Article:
Shooting victim's lawsuit against Fairfax dismissed for lateness but can be refiled

Washington Post Staff Writer
Friday, October 29, 2010; 9:02 PM

The lawsuit by a man who sued Fairfax County after he was shot five times outside a police station and tried to alert the staff inside to the imminent danger has been dismissed by a federal judge because it was filed too late.

But U.S. District Judge James C. Cacheris said he was "deeply unsatisfied" by his ruling earlier this month, "as the conduct alleged here is shocking to say the least." Cacheris then dismissed one count without prejudice, meaning it can be refiled.

The attorney for Najib Gerdak of Springfield said she would refile the remaining claim and appeal the dismissal of the other claims, made against Fairfax County and the unidentified civilian employee known only as "Jane Doe."

Gerdak, now 29, was being followed by another motorist at 3 a.m. and drove to the Franconia District Station on Feb. 2, 2008. When he pulled in, the other motorist realized he was following the wrong person.

As Gerdak and the other man chatted, a taxicab pulled into the station parking lot, followed by a sport-utility vehicle. Those two vehicles repeatedly circled the lot, with the cab driver screaming for help. Gerdak went inside to notify the police.

Gerdak claims that when he went inside, a woman who he thought was a police officer had her feet up on the desk and appeared to be dozing. Gerdak said he advised the woman of the danger, and that the woman told him to go back outside and tell the cabdriver to notify his dispatcher.

Fairfax police privately dispute those allegations, but have never publicly provided their side of the story.

Gerdak went back outside, where he was repeatedly shot by the SUV driver, Jeffrey S. Koger. Gerdak survived, but he suffered severe internal injuries and permanent damage to his right shoulder, hand and leg.

Gerdak's first attorneys, Chris Schewe and Harvey Volzer, sued only Koger in March 2009. Koger, himself wounded in a subsequent shootout with police, is now serving a 71-year prison sentence.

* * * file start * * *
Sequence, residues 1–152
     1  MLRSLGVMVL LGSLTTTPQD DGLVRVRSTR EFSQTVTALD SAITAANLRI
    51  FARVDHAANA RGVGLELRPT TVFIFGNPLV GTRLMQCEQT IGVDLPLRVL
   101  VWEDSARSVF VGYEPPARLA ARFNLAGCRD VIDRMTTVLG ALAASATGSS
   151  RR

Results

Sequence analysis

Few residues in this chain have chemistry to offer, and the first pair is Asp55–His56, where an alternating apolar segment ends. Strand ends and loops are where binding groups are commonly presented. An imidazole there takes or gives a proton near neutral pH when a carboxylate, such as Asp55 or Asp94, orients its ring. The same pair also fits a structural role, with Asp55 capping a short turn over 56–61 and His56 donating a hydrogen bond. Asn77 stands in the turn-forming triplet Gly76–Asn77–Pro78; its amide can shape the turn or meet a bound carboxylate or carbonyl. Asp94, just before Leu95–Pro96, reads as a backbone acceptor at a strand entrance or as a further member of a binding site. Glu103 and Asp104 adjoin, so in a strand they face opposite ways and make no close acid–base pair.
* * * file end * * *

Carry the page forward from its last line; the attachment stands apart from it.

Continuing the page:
But Schewe and Volzer thought Gerdak had no case against Fairfax County. Shortly before the two-year statute of limitations was to expire, in January 2010, Volzer sent Gerdak a letter citing federal case law that "a State's failure to protect an individual against private violence simply does not constitute a violation of the Due Process Clause" of the Constitution.

Gerdak fired Schewe and Volzer and hired Katherine Martell, who filed suit against Fairfax and Jane Doe in April. In addition to alleging gross negligence and liability, Martell added a recently developing legal theory, adopted by some federal courts, of state-created danger. The theory is that the government not only failed to act, but created or increased the danger.

Martell argued that the statute of limitations should be extended because Gerdak wasn't competent to assist with the lawsuit for at least four months after the shooting. But Fairfax attorneys, who declined to provide any discovery information to Martell, said that Jane Doe had never been properly identified and that it was too late. A Fairfax judge ruled that the county was immune from lawsuits for negligence and liability.

The suit then was moved from Fairfax circuit court to federal court, where Cacheris reluctantly agreed with the county's statute of limitations argument on Doe. But in an Oct. 7 order, he added, "The Court cannot help but question whether more zealous representation might have achieved a different result in this case," an apparent criticism of Gerdak's first attorneys.

"It seems reasonable to the Court that a person, instructed by someone who looks like a police officer to do something, will do as told." The judge said the allegations "may well support a state-created danger theory."

Martell said she would return to Fairfax court with the state-created danger theory and try to show that the statute of limitations should have been extended because of Gerdak's injuries.

Fairfax's lattorneys, who argued in one brief that "liability does not arise when the state stands by and does nothing in the face of danger," declined to comment.



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